Give me an espionage thriller set anywhere between 1939 and 1970, preferably in the UK, and I’m in. It’s a time-tested genre and, as long as they employ certain tropes—secret meetings, razor’s edge tension, maybe a fedora or 90—they have me. Most of the Cold War films, usually from the Western side of things, portray the Soviets as the enemy. Makes sense, surely. But Dominic Cooke’s new film Ironbark, which premiered at Sundance 2020, chooses to focus not on spy versus spy, but friend helping friend. And in that way, this story based on true events really stands out.
In the early 1960s, the Soviet Union stood ready to embark on nuclear war with the United States. Newly elected President John F. Kennedy had a true adversary in Chairman Nikita Khrushchev. Loss of life seemed imminent. And it’s into this turmoil that Cooke introduces us to Oleg Penkovsky (Merab Ninidze), a decorated Soviet colonel who wants above all to avert the course of events. He passes information to two American college students and pleads with them to take it to their embassy. The intel warned of heightening Soviet nuclear powers, and he was willing to defect to keep war at bay.
But the Americans need help. CIA operative Emily Donovan (Rachel Brosnahan) works with British MI6 to find someone to go to Moscow and make contact with Penkovsky, codenamed “Ironbark.” It needs to be someone without military or government ties, someone the Soviets would let pass without issue. Enter salesman Greville Wynne (Benedict Cumberbatch), a family man who makes deals selling British machine parts throughout Europe. Though Greville wants nothing to do with espionage, Donovan and MI6 eventually persuade him.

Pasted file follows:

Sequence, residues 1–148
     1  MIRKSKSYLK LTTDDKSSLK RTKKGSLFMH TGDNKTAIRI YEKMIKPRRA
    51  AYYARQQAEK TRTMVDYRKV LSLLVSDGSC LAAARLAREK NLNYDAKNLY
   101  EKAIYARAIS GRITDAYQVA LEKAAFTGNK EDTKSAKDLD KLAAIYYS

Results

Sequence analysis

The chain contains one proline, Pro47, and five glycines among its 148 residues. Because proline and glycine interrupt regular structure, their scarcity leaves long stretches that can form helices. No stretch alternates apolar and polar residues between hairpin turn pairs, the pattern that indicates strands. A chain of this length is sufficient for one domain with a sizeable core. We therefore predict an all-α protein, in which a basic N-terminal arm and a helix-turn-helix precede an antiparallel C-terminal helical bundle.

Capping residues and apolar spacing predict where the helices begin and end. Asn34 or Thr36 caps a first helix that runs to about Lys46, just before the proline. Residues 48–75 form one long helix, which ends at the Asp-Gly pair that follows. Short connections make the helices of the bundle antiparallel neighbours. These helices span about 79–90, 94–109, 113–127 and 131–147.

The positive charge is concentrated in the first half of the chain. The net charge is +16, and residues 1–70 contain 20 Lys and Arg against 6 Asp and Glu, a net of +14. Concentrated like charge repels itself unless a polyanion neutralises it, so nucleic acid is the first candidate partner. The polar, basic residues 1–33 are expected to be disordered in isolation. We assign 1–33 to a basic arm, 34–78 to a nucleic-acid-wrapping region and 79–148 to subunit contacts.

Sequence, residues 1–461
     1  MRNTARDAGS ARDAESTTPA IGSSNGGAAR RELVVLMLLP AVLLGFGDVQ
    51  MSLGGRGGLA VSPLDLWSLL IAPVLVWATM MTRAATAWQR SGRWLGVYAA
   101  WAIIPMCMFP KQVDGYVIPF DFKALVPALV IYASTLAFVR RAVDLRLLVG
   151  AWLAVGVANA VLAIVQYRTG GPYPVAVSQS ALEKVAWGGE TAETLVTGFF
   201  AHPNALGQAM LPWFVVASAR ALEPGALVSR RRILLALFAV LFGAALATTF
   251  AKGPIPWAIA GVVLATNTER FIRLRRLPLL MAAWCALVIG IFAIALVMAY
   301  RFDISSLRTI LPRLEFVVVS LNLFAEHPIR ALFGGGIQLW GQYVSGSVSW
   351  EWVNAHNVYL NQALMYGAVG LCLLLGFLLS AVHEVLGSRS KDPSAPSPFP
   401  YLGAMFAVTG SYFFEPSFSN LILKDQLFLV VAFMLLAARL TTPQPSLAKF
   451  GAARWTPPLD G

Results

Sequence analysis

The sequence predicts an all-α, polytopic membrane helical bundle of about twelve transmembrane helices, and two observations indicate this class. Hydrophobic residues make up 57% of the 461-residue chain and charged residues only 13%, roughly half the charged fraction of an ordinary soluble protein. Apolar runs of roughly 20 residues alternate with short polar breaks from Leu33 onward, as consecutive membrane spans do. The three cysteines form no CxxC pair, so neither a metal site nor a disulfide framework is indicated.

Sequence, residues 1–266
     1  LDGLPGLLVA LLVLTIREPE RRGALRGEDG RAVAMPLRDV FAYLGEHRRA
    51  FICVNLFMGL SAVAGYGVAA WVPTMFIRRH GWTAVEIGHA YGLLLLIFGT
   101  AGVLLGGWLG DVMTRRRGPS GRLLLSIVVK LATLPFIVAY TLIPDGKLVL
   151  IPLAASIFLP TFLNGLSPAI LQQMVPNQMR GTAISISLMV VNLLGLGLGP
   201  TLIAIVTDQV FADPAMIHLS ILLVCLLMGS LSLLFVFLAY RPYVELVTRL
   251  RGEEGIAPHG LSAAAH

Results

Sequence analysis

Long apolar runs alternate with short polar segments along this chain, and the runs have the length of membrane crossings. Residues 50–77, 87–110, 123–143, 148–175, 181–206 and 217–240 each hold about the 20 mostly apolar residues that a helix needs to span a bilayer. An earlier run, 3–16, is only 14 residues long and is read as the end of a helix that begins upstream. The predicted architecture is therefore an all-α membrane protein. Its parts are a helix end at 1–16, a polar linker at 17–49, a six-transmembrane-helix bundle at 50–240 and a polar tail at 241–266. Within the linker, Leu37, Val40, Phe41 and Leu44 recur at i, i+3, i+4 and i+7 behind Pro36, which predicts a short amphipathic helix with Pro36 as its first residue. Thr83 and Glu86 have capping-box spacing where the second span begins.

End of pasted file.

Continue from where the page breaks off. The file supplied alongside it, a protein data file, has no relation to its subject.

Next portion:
Up to this point, Ironbark was an enjoyable if fairly standard espionage story, with a would-be spy unprepared for the dangers of such a task. But once Greville and Penkovsky meet, the movie becomes so much more. Penkovsky is a patriot, he’s not trying to sell out his country. But at the same time he thinks the leadership is unstable and venturing ever-closer to catastrophe. Greville is fairly apolitical but also knows the gravity of the situation. Through dozens of meetings, both in Moscow and London, the two strike up a real friendship. While Greville wines and dines his prospective “client”, they relate to each other not as two operatives, but as two men. Fathers both, hoping to give their kids a brighter future.
We see the growing paranoia of the USSR’s military intelligence as they get closer and closer to discovering the plan. At the same time, it’s more vital than ever that the West get the plans for Russia’s nuclear missile site in Cuba. The Cuban Missile Crisis is the closest the world ever got to nuclear war, so the stakes could not be higher.
Besides the Greville/Penkovsky friendship, Ironbark also gives ample time to Greville’s family. At first, all of his business travel makes him a more attentive husband to his savvy wife Sheila (Jessie Buckley); as the pressure mounts, and he returns to Moscow more frequently, Sheila’s faith in him wains. Worsened by his state-mandated secrecy on why he’s gone so much. To the credit of Cooke, Buckley, and screenwriter Tim O’Connor, Sheila ends up the most sympathetic character in the movie. Even if we know Greville is doing the right thing, we can’t help but understand her plight.
You pretty much know where Ironbark is going, but as the real story takes specific dark turns, so does the movie. Cooke devotes the entire last third of the movie to what happens after the operation ceases; it moves quickly from a fun, tense thriller to a true Orwellian nightmare.
The people and interpersonal relationships make Ironbark more than bog standard fare and it speaks to how enemies can become friends if they listen to each other. Governments can hate each other, but people don’t have to.
Featured Image: Filmnation Entertainment